US President Donald Trump’s maiden presidential visit to India is just days away and one of the most talked about issues has been whether or not the two countries will strike a trade deal.
In his commencement address at the Hope for Prisoners Graduation Ceremony in Las Vegas , Trump said, “We're going to India, and we may make a tremendous deal there.”
But the US leader also indicated that talks may derail if he did not get a good deal from India. "Maybe we'll slow down. We'll do it after the election. I think that could happen too. So, we'll see what happens," he said.
"But we're only making deals if they're good deals because we're putting America first. Whether people like it or not, we're putting America first," Trump added.
Trump and First Lady Melania Trump, are scheduled to travel to Ahmedabad, Agra and New Delhi on February 24 and 25.
Bilateral India-US trade in goods and services is about three per cent of the US' world trade while for India, the US is its second largest good export marker, after the European Union.
Trump last year re-classified India as a developed nation, rendering it ineligible to avail of trade benefits and incentives afforded to developing countries that previously gave some Indian exports tariff-free access to the US market.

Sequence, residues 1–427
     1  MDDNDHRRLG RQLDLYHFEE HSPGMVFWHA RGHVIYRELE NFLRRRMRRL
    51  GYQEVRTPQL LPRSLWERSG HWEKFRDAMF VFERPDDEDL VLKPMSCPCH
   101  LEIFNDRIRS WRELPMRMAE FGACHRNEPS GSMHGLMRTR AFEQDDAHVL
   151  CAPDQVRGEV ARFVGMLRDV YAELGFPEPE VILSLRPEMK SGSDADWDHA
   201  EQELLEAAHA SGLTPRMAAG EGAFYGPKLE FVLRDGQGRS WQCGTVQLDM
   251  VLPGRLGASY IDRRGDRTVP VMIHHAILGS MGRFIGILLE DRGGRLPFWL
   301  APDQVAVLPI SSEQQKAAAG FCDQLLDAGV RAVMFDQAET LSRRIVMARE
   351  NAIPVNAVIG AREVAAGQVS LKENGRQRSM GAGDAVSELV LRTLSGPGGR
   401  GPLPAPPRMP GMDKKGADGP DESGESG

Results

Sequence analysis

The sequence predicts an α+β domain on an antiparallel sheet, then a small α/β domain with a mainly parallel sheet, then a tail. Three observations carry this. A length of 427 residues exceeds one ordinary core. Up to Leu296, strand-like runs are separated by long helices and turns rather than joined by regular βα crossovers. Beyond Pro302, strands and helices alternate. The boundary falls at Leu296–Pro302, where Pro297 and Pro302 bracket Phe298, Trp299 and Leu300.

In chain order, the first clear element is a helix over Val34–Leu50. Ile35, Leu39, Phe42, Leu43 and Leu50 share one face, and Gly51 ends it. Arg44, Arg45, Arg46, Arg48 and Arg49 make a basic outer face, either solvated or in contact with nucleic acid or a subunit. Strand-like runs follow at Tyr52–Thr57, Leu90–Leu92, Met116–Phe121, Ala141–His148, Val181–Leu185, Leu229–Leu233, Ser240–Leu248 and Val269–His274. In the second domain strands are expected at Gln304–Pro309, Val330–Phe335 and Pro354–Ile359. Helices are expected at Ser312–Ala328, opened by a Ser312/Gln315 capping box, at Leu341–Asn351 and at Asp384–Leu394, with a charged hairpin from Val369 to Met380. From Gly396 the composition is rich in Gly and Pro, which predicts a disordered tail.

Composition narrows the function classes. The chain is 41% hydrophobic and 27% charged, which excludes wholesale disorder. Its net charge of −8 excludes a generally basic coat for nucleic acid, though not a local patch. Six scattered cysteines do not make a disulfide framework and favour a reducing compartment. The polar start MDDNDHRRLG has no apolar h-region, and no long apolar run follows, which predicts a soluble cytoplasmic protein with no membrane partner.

The two countries have been attempting to negotiate a trade package to iron out certain issues and promote two-way commerce. India is demanding exemption from high duties imposed by the US on certain steel and aluminium products, resumption of export benefits to certain domestic products under their GSP, and greater market access for its products from sectors such as agriculture, automobile, automobile components and engineering.
On the other hand, the US wants greater market access to its farm and manufacturing products, dairy items, medical devices, and data localisation, apart from cut on import duties on some information and communication technology products. The US has also raised concerns over the high trade deficit with India.